Government spending in Ontario is still out of control

jasmine pickel

Jasmine Pickel is the Ontario director for the Canadian Taxpayers Federation.

They say, when delivering negative feedback, to use the sandwich approach: compliment, criticism, compliment.

So when it comes to the Ontario Progressive Conservative party’s financial performance, let’s start by commending the government’s Fiscal Sustainability, Transparency and Accountability Act, which improves transparency in public reporting. That includes the recently released first quarter report. Fixing the fiscal mess in Ontario requires being transparent with the populace about just how dire its finances are. So great work there.

However, if the report makes one thing clear, it’s that the government has a lot of work to do to get Ontario’s spending under control.

Premier Doug Ford’s government was elected to clean up the fiscal mess left behind by its predecessors — $325 billion of debt to be exact, which marks a staggering increase of 134 per cent from the time the Ontario Liberals took office in 2003. At the time of the June 2018 election, the previous government was spending $40 million more every day than it was collecting in revenue. Let that sink in for a moment.

Ontarians wanted spending restraint and hoped that a change in government could get the job done.

Much to the chagrin of any Ontarian who waited 15 years for the province to spend less and pay down debt, the new government brought more of the same: increased spending and growing debt. To the surprise of many, the Ford government’s spending has surpassed that of its predecessor at its moment of greatest excess.

In the lead-up to last year’s provincial election, it was not uncommon to hear of then-premier, Kathleen Wynne, satirically referred to as Santa Claus. Her government was, after all, offering all sorts of free gifts to Ontarians in an attempt to curry electoral favour.

In its March 2018 budget, for example, she had added $20 billion in new program spending. In total, her budget was set to cost $159 billion, an increase of nearly 12 per cent from the previous year. But despite the goodies on offer, Ontarians rejected overspending in a decisive move toward restraint and placed Doug Ford in the premier’s chair.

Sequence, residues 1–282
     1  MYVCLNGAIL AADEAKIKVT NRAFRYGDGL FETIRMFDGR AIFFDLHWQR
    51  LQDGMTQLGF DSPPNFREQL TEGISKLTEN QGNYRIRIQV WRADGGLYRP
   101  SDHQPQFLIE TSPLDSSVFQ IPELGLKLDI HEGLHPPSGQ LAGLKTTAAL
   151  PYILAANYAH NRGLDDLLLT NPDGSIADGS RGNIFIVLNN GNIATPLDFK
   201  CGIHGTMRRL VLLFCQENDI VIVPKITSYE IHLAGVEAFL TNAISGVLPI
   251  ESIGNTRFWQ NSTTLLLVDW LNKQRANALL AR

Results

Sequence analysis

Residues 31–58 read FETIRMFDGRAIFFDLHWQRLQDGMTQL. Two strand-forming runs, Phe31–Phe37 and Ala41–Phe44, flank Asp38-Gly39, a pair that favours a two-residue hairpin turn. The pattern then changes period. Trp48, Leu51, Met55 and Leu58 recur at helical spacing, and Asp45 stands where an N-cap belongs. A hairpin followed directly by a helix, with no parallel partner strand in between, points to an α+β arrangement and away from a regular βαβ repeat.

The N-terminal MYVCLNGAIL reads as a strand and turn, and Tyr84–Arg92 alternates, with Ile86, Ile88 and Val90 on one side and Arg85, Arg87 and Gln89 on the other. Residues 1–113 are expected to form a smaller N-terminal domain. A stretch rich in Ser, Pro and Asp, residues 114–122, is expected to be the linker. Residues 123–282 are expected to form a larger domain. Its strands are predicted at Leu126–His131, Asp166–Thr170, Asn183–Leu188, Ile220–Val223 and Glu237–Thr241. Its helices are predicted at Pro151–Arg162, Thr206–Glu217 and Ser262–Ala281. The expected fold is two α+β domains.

Shockingly, the budget that followed revealed Wynne’s plan could have been the cheaper option. In the 2018-19 fiscal year, the PC government spent a total of $163 billion — a whopping $4 billion more than the Liberal party had planned. Although the Auditor General cast significant doubt on the accuracy of the projected cost of the Liberals’ plan, the newly elected Progressive Conservative government raised eyebrows when it added $20 billion to the debt in its first year in office.

In response, Moody’s credit rating agency downgraded the province from “stable” to “negative,” which made the debt burden even more expensive. Although the Fitch ratings agency has returned the province’s credit rating to “stable,” based on the government’s plan to return to fiscal balance by 2023, Ontario’s debt burden continues to grow. Current interest charges on the debt are projected to be over $13 billion this year, which will eat up approximately nine per cent of revenue from the 2019-2020 budget plan. Interest charges on its debt are now the fourth largest expenditure line item on Ontario’s books, higher than spending on “training, colleges and universities,” which amounts to just over $11 billion.

Yet even with this all laid out clearly in its recently released report, the government has already spent an additional $182 million more than it budgeted for in April.

The dire and declining state of Ontario’s finances should concern everyone. Debt today means taxes tomorrow, and each Ontarian already owes more than $24,000 thanks to government overspending. Ontario’s debt grows by $523 each second. Ontarians pay $1.5 million every hour on interest alone.

A recent report by the Fraser Institute estimates that at the current rate of spending, an additional $42 billion will be added to Ontario’s debt from now until the government balances the budget in 2023 — which isn’t, conveniently, until after the next election.

Ontarians are counting on this government to control spending and pay down the provincial debt. There are many opportunities for savings — from corporate welfare to municipal waste — that the government needs to act on now, not in 2023.

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